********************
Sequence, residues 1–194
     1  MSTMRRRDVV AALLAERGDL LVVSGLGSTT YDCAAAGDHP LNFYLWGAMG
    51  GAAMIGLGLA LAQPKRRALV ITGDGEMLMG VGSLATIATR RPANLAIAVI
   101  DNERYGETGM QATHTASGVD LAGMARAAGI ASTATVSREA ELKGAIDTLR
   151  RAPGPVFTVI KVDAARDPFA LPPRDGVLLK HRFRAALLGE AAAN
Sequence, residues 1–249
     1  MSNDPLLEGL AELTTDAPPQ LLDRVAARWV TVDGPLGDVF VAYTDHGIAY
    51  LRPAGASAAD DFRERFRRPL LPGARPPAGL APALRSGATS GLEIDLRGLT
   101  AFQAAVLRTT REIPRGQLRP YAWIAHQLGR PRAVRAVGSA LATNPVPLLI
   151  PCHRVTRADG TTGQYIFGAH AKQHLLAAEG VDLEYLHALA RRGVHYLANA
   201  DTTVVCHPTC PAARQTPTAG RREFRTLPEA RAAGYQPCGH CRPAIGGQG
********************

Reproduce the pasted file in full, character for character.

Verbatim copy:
Sequence, residues 1–194
     1  MSTMRRRDVV AALLAERGDL LVVSGLGSTT YDCAAAGDHP LNFYLWGAMG
    51  GAAMIGLGLA LAQPKRRALV ITGDGEMLMG VGSLATIATR RPANLAIAVI
   101  DNERYGETGM QATHTASGVD LAGMARAAGI ASTATVSREA ELKGAIDTLR
   151  RAPGPVFTVI KVDAARDPFA LPPRDGVLLK HRFRAALLGE AAAN
Sequence, residues 1–249
     1  MSNDPLLEGL AELTTDAPPQ LLDRVAARWV TVDGPLGDVF VAYTDHGIAY
    51  LRPAGASAAD DFRERFRRPL LPGARPPAGL APALRSGATS GLEIDLRGLT
   101  AFQAAVLRTT REIPRGQLRP YAWIAHQLGR PRAVRAVGSA LATNPVPLLI
   151  PCHRVTRADG TTGQYIFGAH AKQHLLAAEG VDLEYLHALA RRGVHYLANA
   201  DTTVVCHPTC PAARQTPTAG RREFRTLPEA RAAGYQPCGH CRPAIGGQG